April 12, 2017
A Colorful and Nature-Filled Tour of Woodstock, New York
A mere two hours from Manhattan, in the foothills of the Catskills, lies Woodstock, a town famous for the festival that never was—at least not there.
by Nicole Haddad photographer Nicole Haddad
A mere two hours from Manhattan, in the foothills of the Catskills, lies Woodstock, a town famous for the festival that never was—at least not there. The legendary Woodstock Music Festival actually took place 60 miles away—on the farm of Max B. Yasgur—in Bethel, New York. While the town might not have been the actual site where the free-loving, anti-war hippies partied in a purple haze, Woodstock has always had an artistic bent. It was home to many of the Hudson River School painters in the late 19th century, and in 1903, three visionary men—led by Ralph Radcliffe Whitehead—established the Byrdcliffe Colony. It is one of the oldest Arts & Crafts artist colonies still in existence, although the guild now represents a variety of artistic disciplines. Today, remnants of Woodstock's hedonistic lifestyle can still be seen throughout, from the headshops to the town's bohemian and musical vibe, and it remains the perfect place to commune with nature. Shops, restaurants, and yoga studios line the streets, and the art scene is still going strong with galleries aplenty. Joanna Bliss, who opened up her jewelry studio and storefront, J. Bliss Studios, with her artist husband last August, reflects on the town's popularity for the creative. "Being artists in Woodstock means being a part of something bigger than ourselves. There is a longstanding tradition of Woodstock being home to artists that are both supported by and contribute to the town."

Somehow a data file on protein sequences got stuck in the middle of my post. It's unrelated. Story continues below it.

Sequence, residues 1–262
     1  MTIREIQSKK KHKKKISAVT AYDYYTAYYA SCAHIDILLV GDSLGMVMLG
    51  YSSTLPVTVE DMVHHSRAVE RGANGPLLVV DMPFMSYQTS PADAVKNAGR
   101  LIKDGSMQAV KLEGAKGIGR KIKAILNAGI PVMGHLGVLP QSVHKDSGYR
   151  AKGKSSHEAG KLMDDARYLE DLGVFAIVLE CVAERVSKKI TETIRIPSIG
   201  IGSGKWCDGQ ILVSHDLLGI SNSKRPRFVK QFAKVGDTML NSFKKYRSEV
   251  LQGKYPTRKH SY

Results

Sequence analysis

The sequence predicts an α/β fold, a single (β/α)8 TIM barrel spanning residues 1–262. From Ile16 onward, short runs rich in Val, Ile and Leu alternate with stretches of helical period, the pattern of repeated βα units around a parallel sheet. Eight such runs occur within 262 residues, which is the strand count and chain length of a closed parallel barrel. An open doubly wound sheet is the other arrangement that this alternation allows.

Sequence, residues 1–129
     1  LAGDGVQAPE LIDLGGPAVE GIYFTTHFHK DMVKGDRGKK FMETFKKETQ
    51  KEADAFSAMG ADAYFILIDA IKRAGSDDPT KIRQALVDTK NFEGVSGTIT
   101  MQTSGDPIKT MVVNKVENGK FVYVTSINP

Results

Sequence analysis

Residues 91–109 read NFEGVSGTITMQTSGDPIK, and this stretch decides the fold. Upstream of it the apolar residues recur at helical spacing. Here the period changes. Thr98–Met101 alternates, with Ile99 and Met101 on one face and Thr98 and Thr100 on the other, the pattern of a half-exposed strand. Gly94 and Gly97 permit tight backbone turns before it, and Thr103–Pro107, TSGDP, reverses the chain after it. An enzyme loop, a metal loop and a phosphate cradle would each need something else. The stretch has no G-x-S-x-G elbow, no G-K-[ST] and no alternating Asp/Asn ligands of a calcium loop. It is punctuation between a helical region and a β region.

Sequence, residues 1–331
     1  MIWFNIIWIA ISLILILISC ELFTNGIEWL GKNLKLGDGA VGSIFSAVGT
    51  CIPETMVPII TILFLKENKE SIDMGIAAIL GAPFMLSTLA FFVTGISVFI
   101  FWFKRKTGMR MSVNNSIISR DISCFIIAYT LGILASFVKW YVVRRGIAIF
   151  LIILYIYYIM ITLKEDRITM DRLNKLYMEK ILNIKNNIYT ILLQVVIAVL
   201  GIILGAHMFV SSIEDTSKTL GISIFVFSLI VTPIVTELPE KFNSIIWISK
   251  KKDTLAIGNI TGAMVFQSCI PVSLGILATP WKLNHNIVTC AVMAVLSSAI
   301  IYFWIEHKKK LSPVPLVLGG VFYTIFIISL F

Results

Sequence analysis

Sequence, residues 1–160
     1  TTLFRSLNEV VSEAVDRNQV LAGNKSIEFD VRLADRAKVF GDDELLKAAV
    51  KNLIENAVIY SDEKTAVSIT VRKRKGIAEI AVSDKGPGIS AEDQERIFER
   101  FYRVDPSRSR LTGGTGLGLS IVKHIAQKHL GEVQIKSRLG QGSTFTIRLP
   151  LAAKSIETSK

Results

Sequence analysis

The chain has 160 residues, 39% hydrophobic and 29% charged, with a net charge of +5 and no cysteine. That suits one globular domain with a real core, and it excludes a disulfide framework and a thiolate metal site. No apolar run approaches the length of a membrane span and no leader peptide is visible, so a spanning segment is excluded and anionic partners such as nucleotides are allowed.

Things To Do Take in a concert at the nearby 1916 Maverick Concert Hall, a historic, hand-built wooden enclosure in the woods that has drawn the likes of John Cage. Visit Cooper Lake, the largest natural lake in the Catskill Mountains and one of the most serene and beautiful spots to take in the views. Hit a round of balls at the Woodstock Golf Club (originally the Country Club), which dates back to 1929. Enjoy the surrounding nature and let Woodstock Trails arrange a customized trail hike for you. Take in a performance at the rebuilt Woodstock Playhouse, a venerable site of American Theatre History that has welcomed artists such as Patty Lupone and the Indigo Girls to its stage. Stroll down Tinker Street and peruse the wide variety of shops carrying everything from hippie-themed wares to contemporary designs for the home at stores such as Shop Little House. Take a break from shopping and visit the Woodstock Waterfall Park, on Tannery Brook Road. Ride up to the top of Mead's Mountain Road and tour the Triyana Dharmachakra Tibetan Buddhist Monastery. Visit the Woodstock Artists Cemetery—where many famous poets, writers, artists, intellectualists, and musicians were laid to rest.
Art Scene Founded in 1977, the Center for Photography occupies a space which Bob Dylan once called home. Almost directly across the street sits the Woodstock Artists Association and Museum (WAAM), and The Byrdcliffe Shop, which features work from both emerging and local artists. A plethora of galleries and The Woodstock School of Art dot the landscape.
Good Eats Sit on the porch at Cucina, a restored farmhouse-turned-restaurant on Mill Hill Road, and enjoy the contemporary Italian fare. Joshua's Café, on Tinker Street, has been a Woodstock staple for over 40 years. The Middle Eastern-based menu offers fresh, mouthwatering options. For dessert, head over to Fruition Chocolate for small batch, bean-to-bar chocolate or to Peace, Love & Cupcakes for, you guessed it, a tie-dye cupcake among other sweet confections. Feeling thirsty? Head over to Station Bar & Curio, and enjoy a pint with a decadent grilled cheese sandwich.
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